He recalled that after his Bruins lost to Clay County in overtime in the ’87 finals, “among all the tears and consoling in the locker room,” one of his players, junior standout Mark Bell, “asked Jim Reuther, our athletic director, about the three-point line. True story. There was a three-point line down in the Ballard gym that Monday morning.”

While some players had to stretch their games to take advantage of the new rule, others, like Clay County’s Richie Farmer and Paintsville’s Keith Adkins, already had the long shot in their arsenal.

Farmer said he didn’t change his style for his senior season (1987-88). He made 70 of 138 threes (50.7) and averaged 27.1 points, but his first thought wasn’t to launch bombs.

“Our whole offense under Coach (Bobby) Keith was predicated on me getting to the head of the circle and inside the free-throw line, drawing the defense then kicking it out to open people or shooting a jumper,” Farmer said.

“If we had had the three-pointer my freshman year, when I played the 2-guard, most of the shots I took that year would’ve been threes.”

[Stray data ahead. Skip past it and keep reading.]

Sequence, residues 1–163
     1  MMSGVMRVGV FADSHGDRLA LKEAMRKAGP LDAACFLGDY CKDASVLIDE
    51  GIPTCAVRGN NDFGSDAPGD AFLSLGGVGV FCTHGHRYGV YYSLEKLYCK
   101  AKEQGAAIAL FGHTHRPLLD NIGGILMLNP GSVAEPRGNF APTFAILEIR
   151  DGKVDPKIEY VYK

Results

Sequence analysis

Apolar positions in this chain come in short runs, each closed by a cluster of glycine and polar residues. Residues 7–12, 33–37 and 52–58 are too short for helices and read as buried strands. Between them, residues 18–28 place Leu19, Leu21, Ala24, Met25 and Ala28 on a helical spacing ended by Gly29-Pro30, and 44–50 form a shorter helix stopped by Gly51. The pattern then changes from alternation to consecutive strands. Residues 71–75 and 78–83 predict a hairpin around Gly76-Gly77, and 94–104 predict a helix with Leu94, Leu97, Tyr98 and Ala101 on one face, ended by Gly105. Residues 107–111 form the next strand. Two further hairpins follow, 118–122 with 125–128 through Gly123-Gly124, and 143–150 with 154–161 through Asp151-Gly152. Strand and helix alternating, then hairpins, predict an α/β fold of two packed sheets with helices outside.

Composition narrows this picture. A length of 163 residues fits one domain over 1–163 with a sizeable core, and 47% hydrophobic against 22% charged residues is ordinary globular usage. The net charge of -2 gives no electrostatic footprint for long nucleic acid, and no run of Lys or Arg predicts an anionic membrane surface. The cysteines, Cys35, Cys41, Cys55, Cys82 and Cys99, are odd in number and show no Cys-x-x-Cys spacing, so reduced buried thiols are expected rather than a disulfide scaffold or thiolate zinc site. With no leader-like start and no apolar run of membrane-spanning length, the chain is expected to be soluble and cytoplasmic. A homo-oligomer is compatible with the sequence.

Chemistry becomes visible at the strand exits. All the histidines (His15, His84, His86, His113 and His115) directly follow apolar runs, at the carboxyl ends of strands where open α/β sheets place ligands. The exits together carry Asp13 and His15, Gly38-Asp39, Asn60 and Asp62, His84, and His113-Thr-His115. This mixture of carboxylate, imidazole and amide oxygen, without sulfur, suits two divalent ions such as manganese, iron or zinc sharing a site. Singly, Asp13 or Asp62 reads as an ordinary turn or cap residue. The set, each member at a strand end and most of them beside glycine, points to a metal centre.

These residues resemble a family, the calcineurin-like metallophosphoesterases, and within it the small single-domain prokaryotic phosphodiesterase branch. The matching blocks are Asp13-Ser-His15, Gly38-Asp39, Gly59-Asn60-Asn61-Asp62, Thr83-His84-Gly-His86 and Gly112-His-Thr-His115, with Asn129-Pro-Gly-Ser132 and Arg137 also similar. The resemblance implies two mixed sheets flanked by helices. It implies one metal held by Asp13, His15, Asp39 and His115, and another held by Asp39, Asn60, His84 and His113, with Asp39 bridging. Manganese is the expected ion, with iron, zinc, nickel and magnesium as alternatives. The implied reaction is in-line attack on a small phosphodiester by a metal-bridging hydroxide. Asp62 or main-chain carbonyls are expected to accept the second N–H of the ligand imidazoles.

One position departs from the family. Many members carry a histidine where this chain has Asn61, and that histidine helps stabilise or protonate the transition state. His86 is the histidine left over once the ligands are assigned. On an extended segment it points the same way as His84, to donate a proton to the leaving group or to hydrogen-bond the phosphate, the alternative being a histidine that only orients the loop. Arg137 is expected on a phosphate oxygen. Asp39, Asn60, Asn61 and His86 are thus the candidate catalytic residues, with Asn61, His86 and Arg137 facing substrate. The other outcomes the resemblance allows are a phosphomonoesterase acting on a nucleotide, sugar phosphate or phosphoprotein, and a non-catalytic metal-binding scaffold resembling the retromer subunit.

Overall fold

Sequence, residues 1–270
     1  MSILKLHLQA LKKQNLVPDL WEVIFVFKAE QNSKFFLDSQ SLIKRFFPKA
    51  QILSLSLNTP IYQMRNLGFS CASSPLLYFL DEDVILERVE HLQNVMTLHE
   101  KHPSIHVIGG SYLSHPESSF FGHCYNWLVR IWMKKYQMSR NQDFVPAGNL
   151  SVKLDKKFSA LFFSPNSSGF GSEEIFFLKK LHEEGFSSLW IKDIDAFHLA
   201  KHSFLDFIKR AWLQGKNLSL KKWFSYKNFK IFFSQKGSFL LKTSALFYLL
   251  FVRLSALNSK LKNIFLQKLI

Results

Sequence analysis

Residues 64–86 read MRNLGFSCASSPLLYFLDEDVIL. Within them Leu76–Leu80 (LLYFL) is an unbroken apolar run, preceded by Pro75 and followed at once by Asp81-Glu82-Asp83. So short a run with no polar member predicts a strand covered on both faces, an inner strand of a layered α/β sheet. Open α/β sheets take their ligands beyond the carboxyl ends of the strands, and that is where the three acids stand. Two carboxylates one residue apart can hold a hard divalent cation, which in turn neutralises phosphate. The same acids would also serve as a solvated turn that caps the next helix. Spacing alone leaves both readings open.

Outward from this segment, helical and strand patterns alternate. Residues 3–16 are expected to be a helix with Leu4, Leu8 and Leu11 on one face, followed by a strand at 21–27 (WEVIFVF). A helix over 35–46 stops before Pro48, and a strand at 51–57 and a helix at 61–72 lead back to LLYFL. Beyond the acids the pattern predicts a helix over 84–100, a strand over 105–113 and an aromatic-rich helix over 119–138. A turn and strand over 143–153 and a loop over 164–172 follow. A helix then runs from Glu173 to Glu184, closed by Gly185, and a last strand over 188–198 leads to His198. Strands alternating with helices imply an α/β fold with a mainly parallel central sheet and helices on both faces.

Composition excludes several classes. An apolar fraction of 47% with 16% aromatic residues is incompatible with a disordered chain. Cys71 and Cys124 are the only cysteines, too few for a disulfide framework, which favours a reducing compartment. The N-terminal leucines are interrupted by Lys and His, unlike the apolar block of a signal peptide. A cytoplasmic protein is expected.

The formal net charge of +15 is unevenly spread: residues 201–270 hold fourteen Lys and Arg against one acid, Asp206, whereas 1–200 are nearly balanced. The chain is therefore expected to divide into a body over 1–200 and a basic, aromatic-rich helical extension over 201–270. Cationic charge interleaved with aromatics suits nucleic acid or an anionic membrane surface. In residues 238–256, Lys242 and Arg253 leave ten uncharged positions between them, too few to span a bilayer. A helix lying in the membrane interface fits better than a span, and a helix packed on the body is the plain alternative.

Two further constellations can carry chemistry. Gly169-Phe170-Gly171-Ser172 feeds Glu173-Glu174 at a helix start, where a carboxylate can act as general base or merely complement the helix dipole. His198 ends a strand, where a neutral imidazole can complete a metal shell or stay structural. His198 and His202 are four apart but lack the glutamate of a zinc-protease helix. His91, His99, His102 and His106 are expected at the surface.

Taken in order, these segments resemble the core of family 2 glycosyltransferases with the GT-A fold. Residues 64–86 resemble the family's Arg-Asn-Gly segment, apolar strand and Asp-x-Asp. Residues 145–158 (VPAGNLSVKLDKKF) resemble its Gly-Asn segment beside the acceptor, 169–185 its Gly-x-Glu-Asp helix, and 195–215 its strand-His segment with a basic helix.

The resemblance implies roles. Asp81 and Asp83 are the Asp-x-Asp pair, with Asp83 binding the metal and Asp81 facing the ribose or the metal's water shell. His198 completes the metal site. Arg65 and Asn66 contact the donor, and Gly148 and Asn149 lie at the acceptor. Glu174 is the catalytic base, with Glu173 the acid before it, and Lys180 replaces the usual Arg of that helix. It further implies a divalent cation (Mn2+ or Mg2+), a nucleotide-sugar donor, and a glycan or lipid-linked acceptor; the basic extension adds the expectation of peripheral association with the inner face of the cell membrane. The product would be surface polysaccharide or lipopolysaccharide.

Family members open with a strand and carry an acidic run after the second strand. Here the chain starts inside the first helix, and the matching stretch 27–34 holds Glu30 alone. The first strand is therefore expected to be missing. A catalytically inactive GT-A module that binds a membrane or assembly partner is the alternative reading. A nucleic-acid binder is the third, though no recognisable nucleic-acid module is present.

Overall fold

Richie did sign off his high school career with a three-point flourish, though. He hit 9 threes on his way to a state-finals record 51 points in Clay County’s loss to Ballard in the 1988 championship game.

Adkins led the state in three-pointers by making 133 of 264 (50.4%) while averaging 32.2 points a game his senior season (1987-88) at Paintsville.

Keith Adkins led the state in three-pointers his senior season (1987-88) at Paintsville.

“That’s the one thing I did best,” said Adkins, now the coach at Life University in Marietta, Ga. “I could really shoot the basketball. It was kind of natural for me. I really never had to concentrate on ‘Hey, where’s the (three-point) line?’ because a lot of my shots were further back than that to begin with.”

The only regret Adkins has is that the three-pointer wasn’t part of the high school game the season before.

“We had that loaded team in ’87, with (John) Pelphrey, (Joey) Couch, Mike Minix and myself. If you threw the three-pointer into play with that group, it might’ve changed things.